The War on Marijuana Is Not Color Blind

Thursday, July 8, 2010

Last week the California NAACP (National Association for the Advancement of Colored People) endorsed Proposition 19, a marijuana legalization initiative which will appear on the November ballot in California.

California NAACP president Alice Huffman said, “We are joining a growing number of medical professionals, labor organizations, law enforcement authorities, local municipalities and approximately 56% of the public in saying that it is time to decriminalize the use of marijuana.” Adding further, that “the war on drugs is a failure and disproportionately targets young men and women of color, particularly African-American males.” Kudos to Ms. Huffman and the California NAACP for supporting Proposition 19 and taking such a public stance on the issue.

However, the endorsement has not come without controversy in the African-American community. Bishop Ron Allen, leader of the International Faith Based Coalition, has strongly condemned the California NAACP for its support, arguing that Proposition 19 will do more harm to the African-American community. Despite what I’m sure are legitimate concerns by Bishop Allen, the facts are just not on his side.

Released at the NAACP’s press conference announcing endorsement of Proposition 19 was a report by Professor Harry Levine and others titled Targeting Blacks for Marijuana: Possession Arrests of African Americans in California, 2004-2008. This report, commissioned by the Drug Policy Alliance, illustrates the incredible racial disparity in marijuana enforcement in California. For example, “in every one of the 25 largest counties in California, blacks are arrested for marijuana possession at higher rates than whites, typically at double, triple, or even quadruple the rate of whites.” This disparity is unacceptable, especially in light of the more than 60,000 marijuana arrests that were made in 2008, three times as many as in 1990. And just in case you are wondering, African Americans do not use marijuana at rates higher than white people.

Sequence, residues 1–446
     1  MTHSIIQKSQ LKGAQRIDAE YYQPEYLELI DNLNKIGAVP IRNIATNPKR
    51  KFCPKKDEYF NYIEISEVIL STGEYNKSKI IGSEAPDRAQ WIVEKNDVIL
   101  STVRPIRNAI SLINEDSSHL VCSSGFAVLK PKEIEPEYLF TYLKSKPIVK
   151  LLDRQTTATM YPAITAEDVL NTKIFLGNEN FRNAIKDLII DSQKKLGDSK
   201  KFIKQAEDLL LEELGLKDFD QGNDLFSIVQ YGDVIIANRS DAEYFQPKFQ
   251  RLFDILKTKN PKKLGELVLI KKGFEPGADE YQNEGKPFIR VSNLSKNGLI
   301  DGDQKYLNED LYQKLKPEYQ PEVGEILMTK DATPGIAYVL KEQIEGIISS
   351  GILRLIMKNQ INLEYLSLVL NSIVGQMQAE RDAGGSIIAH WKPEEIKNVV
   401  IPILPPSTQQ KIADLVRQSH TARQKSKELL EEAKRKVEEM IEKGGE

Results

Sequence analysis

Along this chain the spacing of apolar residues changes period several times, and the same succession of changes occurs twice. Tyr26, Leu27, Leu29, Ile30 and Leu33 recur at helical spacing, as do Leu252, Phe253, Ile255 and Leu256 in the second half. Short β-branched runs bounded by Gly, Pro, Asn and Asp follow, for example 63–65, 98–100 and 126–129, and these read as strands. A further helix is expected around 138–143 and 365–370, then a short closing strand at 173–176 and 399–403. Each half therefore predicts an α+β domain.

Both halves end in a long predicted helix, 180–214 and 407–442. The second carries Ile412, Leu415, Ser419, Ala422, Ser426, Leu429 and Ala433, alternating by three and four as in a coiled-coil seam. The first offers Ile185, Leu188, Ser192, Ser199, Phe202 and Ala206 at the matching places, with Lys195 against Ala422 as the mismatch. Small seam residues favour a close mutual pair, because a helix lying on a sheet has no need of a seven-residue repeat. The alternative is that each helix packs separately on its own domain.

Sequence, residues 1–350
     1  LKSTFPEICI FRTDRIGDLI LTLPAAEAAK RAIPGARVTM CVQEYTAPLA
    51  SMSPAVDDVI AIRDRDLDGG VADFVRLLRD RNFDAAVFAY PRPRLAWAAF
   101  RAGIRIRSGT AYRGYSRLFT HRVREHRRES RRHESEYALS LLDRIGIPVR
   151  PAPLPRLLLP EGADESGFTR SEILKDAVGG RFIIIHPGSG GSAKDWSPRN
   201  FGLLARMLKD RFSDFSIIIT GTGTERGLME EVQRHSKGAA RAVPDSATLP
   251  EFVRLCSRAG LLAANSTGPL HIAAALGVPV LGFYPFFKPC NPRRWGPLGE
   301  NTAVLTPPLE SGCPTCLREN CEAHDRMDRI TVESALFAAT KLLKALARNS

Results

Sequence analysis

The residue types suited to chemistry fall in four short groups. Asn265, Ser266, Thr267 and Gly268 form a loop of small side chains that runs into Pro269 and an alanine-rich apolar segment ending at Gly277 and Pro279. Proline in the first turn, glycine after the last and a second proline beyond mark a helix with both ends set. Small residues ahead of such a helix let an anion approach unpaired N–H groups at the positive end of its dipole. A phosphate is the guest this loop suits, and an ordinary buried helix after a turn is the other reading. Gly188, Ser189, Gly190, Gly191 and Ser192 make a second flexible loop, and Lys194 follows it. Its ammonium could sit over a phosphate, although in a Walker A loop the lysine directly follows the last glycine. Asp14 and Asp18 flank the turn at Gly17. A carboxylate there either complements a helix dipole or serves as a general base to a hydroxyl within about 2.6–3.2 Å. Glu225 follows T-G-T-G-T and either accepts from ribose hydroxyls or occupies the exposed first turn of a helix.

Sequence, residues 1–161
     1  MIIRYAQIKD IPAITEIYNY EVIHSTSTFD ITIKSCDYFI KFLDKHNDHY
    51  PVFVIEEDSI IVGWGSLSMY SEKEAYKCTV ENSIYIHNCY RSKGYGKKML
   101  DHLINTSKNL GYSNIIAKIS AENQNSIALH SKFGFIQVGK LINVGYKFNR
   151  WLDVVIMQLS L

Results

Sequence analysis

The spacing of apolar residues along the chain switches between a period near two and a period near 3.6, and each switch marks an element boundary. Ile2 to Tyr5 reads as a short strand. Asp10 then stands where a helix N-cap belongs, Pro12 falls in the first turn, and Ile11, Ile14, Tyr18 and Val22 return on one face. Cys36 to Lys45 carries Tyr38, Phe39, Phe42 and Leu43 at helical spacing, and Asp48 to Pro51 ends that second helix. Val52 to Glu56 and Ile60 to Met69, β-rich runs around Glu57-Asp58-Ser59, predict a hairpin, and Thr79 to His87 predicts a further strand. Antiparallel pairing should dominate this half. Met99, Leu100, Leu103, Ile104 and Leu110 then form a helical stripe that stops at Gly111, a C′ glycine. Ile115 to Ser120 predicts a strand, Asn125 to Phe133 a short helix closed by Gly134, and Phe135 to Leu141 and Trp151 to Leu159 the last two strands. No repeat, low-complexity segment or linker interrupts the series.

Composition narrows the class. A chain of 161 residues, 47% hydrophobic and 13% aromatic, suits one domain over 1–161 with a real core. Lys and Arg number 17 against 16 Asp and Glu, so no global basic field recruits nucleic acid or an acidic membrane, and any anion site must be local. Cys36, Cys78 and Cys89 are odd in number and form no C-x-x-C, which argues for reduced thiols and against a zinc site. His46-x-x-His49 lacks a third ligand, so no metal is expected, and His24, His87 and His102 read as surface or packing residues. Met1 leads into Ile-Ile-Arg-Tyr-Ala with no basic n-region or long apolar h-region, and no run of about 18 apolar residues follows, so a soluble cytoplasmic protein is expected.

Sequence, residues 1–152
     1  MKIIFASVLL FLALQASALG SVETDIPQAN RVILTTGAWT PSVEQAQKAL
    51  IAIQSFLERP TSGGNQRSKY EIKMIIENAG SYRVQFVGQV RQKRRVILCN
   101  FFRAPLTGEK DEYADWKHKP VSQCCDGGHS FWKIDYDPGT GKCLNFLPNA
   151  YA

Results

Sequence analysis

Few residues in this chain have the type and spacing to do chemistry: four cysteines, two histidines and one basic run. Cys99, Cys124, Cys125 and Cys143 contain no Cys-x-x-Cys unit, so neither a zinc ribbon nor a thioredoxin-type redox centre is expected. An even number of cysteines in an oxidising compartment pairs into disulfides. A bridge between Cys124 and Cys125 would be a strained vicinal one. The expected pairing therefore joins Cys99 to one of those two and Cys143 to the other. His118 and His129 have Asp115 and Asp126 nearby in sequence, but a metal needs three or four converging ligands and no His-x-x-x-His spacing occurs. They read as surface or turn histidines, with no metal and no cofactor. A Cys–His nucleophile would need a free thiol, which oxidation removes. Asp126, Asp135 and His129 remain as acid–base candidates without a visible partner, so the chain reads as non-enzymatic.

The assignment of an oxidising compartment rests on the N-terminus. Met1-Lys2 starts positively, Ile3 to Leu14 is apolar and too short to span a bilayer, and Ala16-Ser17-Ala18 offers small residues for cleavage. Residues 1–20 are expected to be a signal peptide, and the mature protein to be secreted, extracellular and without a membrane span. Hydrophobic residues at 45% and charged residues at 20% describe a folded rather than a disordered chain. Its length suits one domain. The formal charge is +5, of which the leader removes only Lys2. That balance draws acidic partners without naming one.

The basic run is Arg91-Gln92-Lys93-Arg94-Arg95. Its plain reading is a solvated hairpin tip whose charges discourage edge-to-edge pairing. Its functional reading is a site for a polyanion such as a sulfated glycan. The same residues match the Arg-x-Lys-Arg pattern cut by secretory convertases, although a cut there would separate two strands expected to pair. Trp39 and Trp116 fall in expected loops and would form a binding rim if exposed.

So is this racial disparity just a California phenomenon? The unfortunate answer is no. Washington’s data is eerily similar. An African-American adult is 3 times more likely to be arrested for marijuana possession in Washington than a white adult. In 2008, 6.4 African Americans per 1,000 Washington adults were arrested for marijuana possession; the figure for white Washington adults was only 2.4 arrests for every 1,000 adults (see Table Below). 

Washington Marijuana Possession Arrests and Race

% of Population

% of Persons Arrested

# of Persons Arrested

African American
















(2007 and 2008 arrest data provided by the Washington Association of Sheriffs and Police Chiefs; rate calculation was conducted using the following formula: # of arrests/(population/1000)).

The racially disproportionate enforcement against African Americans is one of the prime reasons the ACLU of Washington is committed to ending marijuana prohibition. It is a particularly sinister feature of the War on Drugs and one which receives far too little attention from the media and general public.

To learn more about the intersection of race and the War on Drugs, read Michelle Alexander’s (former director of ACLU of Northern California's Racial Justice Project) recent book, The New Jim Crow: Mass Incarceration in the Age of Color Blindness. An editorial recently called it "a troubling and necessary book." As Alexander states, “Nothing has contributed more to the systematic mass incarceration of people of color in the United States than the War on Drugs.”

Thank you California NAACP, Alice Huffman, and Michelle Alexander for bringing attention to these important issues. Until more people speak out, including leaders from the African-American community, the War on Drugs with all of its racial inequities will likely continue unabated. That is something our nation just can't afford.